Ooh, tender, delicate, delicious crepes… Just the idea of eating these enticing morsels is enough to start your mouth watering! There are crepe options suitable for every meal but breakfast crepes are obviously the best.

We all know how delicious crepes are, but where did they come from originally?

The origin of crepes

The history of crepes dates back to 13th century Brittany, France. It seems a housewife there accidentally dribbled some thin porridge onto a hot, flat cooktop. Since people back then weren’t inclined to waste even their smallest cooking mistakes, she ate it. The rest, as they say, is history. Of course, this might just be the French equivalent of an urban legend but it does make for a pretty good story.

Origin of CrepesAnother interesting story concerns hearty, earthy buckwheat crepes. This ancient grain was introduced to the Brittany area of northwestern France around the 12th century. Like the other story, thin buckwheat porridge spilled and became a thin, crispy crepe instead. What a delightful change in texture that must have been!

Traditionally, buckwheat crepes are served with savory fillings while the more delicately flavored wheat crepes are served with fruit and other sweet fillings. Want another interesting historical fact about crepes? Whenever milk was in short supply during the Middle Ages, intrepid crepe lovers used a mixture of wine and water as a substitute!

A crepe by any other name 

These delicate pancakes are known as ‘crêpes’ in France. Their name comes from Old French ‘crespe’ which traces back to the Latin ‘crispa’ or ‘crispus’ which means curled. This probably refers to their often slightly ruffled edges. A French café that specializes in crepes is known as a crêperie. In Brittany, they still prefer crepes made with local buckwheat flour and use the slightly derisive ‘crêpes de froment’ to refer to crepes made with white flour.

The day of the crepe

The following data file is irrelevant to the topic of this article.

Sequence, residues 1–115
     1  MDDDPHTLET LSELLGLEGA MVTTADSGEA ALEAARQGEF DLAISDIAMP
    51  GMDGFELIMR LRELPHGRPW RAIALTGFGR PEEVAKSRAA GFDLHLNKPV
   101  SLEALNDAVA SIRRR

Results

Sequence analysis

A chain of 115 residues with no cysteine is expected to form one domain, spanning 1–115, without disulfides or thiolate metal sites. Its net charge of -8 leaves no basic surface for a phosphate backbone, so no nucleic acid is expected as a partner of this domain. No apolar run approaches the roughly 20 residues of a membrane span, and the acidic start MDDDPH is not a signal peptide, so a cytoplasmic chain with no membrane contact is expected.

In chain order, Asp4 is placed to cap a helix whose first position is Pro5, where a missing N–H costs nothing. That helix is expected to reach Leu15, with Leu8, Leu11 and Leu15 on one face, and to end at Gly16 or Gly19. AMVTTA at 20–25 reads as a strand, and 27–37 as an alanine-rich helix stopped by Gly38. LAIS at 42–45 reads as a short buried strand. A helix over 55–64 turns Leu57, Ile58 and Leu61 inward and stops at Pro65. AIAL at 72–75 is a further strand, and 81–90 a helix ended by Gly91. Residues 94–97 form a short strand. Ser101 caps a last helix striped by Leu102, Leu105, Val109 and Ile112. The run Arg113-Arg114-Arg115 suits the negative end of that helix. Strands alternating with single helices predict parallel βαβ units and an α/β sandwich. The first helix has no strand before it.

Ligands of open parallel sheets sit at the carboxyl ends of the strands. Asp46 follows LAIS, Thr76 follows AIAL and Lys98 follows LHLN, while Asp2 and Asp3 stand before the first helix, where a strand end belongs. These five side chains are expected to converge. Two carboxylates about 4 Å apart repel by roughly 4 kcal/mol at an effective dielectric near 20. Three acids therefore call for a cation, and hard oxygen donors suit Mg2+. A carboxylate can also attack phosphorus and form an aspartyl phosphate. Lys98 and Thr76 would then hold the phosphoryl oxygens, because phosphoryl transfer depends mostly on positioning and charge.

In France, that day translates to ‘le jour des crêpes’ and it occurs every February 2nd. Historically, this day was known as the Virgin Mary’s Blessing Day or La Chandeleur (‘the return of the light’) and celebrated the coming return of spring. Now, it’s best known as the day when everyone eats crepes!

In case you want to emulate the French, make sure you fold your crepes rather than rolling them like we do in America. Folding your crepes keeps the toppings inside where they belong. That’s important since there are as many street corner crepe vendors in France as there are hot dog vendors in America!

Sweet, savory, or plain?

Lemon and sugar were the traditional simple filling used in sweet crepes. Now, you’ll find them with an amazing array of fillings. Nut spreads, jams and preserves, berries, nuts, cream cheese, whipped cream, ice cream, salted caramel, and poached pears drizzled with dark chocolate are all popular fillings. At Original Pancake House in Denver, we particularly like cherry Kijafa, fresh strawberries or sliced bananas with a warm pecan praline sauce. Yum! 

History of CrepesThe traditional ham, egg, and cheese filling in savory crepes is still popular. However, now you’ll also find asparagus, avocado, spinach, mushrooms, bacon, chicken, smoked salmon, steak, turkey, Swiss cheese, goat’s cheese, and a variety of other vegetables, meats, and cheeses filling crepes.

Of course, a plate of paper-thin and elegantly simple plain crepes are also delicious in all of their not-so-humble glory. They are still crepes, after all! That’s why we offer them for our customers who enjoy the simple goodness of perfectly prepared crepes.

The next time you’re in the mood for breakfast crepes, head on over to The Original Pancake House. Use the Yelp waitlist to save your place in line so you can dig into our delicious crepes as soon as possible. Bon Appétit!